CPM opting for another historic blunder

Author: 
Nitya Chakraborty

The CPI(M) leadership is at crossroads again. The majority of the politburo  led by the former general secretary Prakash Karat is putting barriers in the way of an electoral understanding with the anti-BJP forces led by the Congress and in the process obstructing the course of building an all out unity of the opposition parties against the BJP and its allies in the coming assembly elections as also in the Lok Sabha poll in 2019.The issue of giving primary importance to the defeat of the BJP in the coming elections, approved at the CPI(M)’s last party congress at Hyderabad in April this year,  is being negated by the dominant section of the politburo which is not allowing the party general secretary Sitaram Yechury to take initiative in forming anti-BJP alliances on the lines of the Hyderabad political resolution.
The assembly elections in five states- Madhya Pradesh, Rajasthan, Chhattisgarh, Mizoram and Telangana are due by the end of this year and the Lok Sabha elections outcome will depend to a great extent on the results of the assembly elections. The Congress is the major party of the opposition and any anti-BJP front has to be formed with the participation of the Congress. The process may be tortuous for the formation of such a front but there is no alternative to this for unseating the Narendra Modi government from power in the next Lok Sabha poll. The opposition has to win the assembly elections by year end to create a big momentum in the campaign for the Lok Sabha elections and for that every effort has to be made to avoid the division of anti-BJP votes.
After a grueling debate in the Hyderabad congress of the CPI(M) in April this year, the delegates amended the 2015 party congress resolution which said that ”However, the defeating of BJP has to be done without having an understanding or electoral alliance with the Congress Party”. This was deleted and replaced by “But this has to be done without having a political alliance with the Congress Party”. Sources say that at the recent meeting of the politburo on September 26, the dominant section of the politburo took the position that as per the Hyderabad document, no electoral understanding can be forged with the Congress Party and the CPI(M)  should try to have understanding with the other anti-BJP parties , excepting the Congress. At this moment of the national politics, when all the anti-BJP parties are joining hands to form a front of the opposition to fight the BJP, this sort of ideological purity and Congress phobia, is sure to bring damage to the  future of the CPI(M).  This will also give a bad name to the Left as a whole.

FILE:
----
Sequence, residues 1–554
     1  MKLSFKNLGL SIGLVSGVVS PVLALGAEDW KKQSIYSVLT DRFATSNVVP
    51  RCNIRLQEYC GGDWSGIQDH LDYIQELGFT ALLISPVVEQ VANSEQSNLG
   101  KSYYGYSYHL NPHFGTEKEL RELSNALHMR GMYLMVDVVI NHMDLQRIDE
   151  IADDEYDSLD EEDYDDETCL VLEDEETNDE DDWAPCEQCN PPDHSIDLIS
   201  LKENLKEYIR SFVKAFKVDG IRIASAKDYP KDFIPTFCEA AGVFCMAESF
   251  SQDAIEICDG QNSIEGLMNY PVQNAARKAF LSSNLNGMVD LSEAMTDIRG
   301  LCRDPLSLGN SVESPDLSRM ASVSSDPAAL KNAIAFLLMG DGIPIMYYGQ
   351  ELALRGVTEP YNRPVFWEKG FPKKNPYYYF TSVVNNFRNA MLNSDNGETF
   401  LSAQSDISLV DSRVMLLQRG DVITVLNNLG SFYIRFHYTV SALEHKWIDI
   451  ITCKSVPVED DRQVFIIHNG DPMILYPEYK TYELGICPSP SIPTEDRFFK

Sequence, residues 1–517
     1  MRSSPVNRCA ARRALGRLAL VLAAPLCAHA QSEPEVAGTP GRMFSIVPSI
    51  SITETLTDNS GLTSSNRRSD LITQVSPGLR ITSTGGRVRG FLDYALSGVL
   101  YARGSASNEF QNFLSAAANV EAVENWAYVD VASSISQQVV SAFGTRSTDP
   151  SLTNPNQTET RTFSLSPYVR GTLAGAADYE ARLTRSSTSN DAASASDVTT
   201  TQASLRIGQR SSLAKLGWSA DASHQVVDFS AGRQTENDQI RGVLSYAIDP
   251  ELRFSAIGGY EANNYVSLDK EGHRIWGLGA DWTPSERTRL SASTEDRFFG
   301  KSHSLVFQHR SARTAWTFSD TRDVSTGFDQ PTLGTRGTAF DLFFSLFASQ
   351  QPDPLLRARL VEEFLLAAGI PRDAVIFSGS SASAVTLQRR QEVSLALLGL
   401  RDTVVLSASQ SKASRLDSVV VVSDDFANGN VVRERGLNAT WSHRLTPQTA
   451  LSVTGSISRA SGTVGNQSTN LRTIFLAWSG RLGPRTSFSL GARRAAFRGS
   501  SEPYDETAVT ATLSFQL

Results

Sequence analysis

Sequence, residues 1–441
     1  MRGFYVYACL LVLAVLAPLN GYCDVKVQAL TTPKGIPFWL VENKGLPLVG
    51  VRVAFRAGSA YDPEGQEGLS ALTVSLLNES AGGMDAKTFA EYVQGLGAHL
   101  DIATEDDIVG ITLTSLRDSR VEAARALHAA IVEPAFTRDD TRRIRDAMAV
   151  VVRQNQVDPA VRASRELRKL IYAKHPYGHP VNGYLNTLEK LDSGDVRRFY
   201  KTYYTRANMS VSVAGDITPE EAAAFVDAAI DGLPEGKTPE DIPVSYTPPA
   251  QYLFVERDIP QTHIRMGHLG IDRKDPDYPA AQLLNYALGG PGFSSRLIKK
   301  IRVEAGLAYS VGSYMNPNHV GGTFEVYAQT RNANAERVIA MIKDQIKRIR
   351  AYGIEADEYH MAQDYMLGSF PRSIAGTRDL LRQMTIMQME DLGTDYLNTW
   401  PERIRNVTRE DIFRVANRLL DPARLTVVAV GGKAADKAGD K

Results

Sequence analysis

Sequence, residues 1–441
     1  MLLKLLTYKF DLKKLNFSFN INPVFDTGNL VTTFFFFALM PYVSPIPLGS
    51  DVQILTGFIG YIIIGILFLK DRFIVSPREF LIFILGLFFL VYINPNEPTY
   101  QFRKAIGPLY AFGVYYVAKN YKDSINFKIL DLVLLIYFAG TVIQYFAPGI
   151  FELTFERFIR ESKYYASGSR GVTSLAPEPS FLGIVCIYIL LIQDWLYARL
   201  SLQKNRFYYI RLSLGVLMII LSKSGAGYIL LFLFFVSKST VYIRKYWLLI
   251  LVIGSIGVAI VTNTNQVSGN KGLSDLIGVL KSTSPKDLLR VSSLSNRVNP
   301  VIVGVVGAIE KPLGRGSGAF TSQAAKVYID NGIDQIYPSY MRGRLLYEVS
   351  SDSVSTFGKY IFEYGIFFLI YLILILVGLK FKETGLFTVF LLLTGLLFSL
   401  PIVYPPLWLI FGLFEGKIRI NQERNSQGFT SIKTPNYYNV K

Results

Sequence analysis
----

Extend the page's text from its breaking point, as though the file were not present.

There has been a widespread movement in the country including the dalits, the minorities and the civil society against the BJP and the RSS and the CPI(M) party congress has also dubbed the BJP and the RSS as the main enemy.   If the CPI(M) finally goes by this logic of the Kerala  faction , that will  see further erosion of the CPI(M) in national politics. Apart, this myopic policy will lead the biggest left party of the country to the fringe again- isolated from the mainstream of national politics.
The CPI(M) was at its peak in strength in Lok Sabha with 43 seats after the 2004 elections. The Left got 61 seats then – the largest till now. The CPI(M) seats have now come down to only 9- five in Kerala and two each in West Bengal and Tripura. In the coming 2019 Lok Sabha elections, all indications suggest that the CPI(M) will be losing all the seats in Bengal and  Tripura. The Party can expect seats in Kerala only but that will not be adequate to reach the current strength. The CPI(M) and the Left have to be highly pro-active at the national level as a partner of the anti-BJP front in the coming assembly and Lok Sabha elections to raise their respective parliamentary strength also. The CPI has taken a pragmatic policy on its relationship with the Congress in the context of its objective to defeat the BJP at all costs. The CPI leadership is making all efforts to strengthen the anti-BJP front including the Congress. In Bihar and Telangana, alliance talks have progressed, in some other states, the understanding can be arrived in a limited manner taking into account the strength of the party.
For the 91 wise members of the CPI(M) central committee, this is the last chance to put the Party in the mainstream of opposition movement against the BJP. The Congress led by Rahul Gandhi, despite its burgeoise vacillations, is far more reliable as an ally against the saffron forces as compared to the preceding Congress presidents in the recent years. The CPI(M) has to adapt its strategy to  meet the urgency and the demands of the present political crisis which needs the building of a programme based  opposition front of the anti-BJP forces including the Congress. If the central committee members of the CPI(M) ignore this reality and abide by the dominant politburo line, the Party will soon be pushed to the fringe as a result of another historic blunder. (IPA)

Monday, 15 October, 2018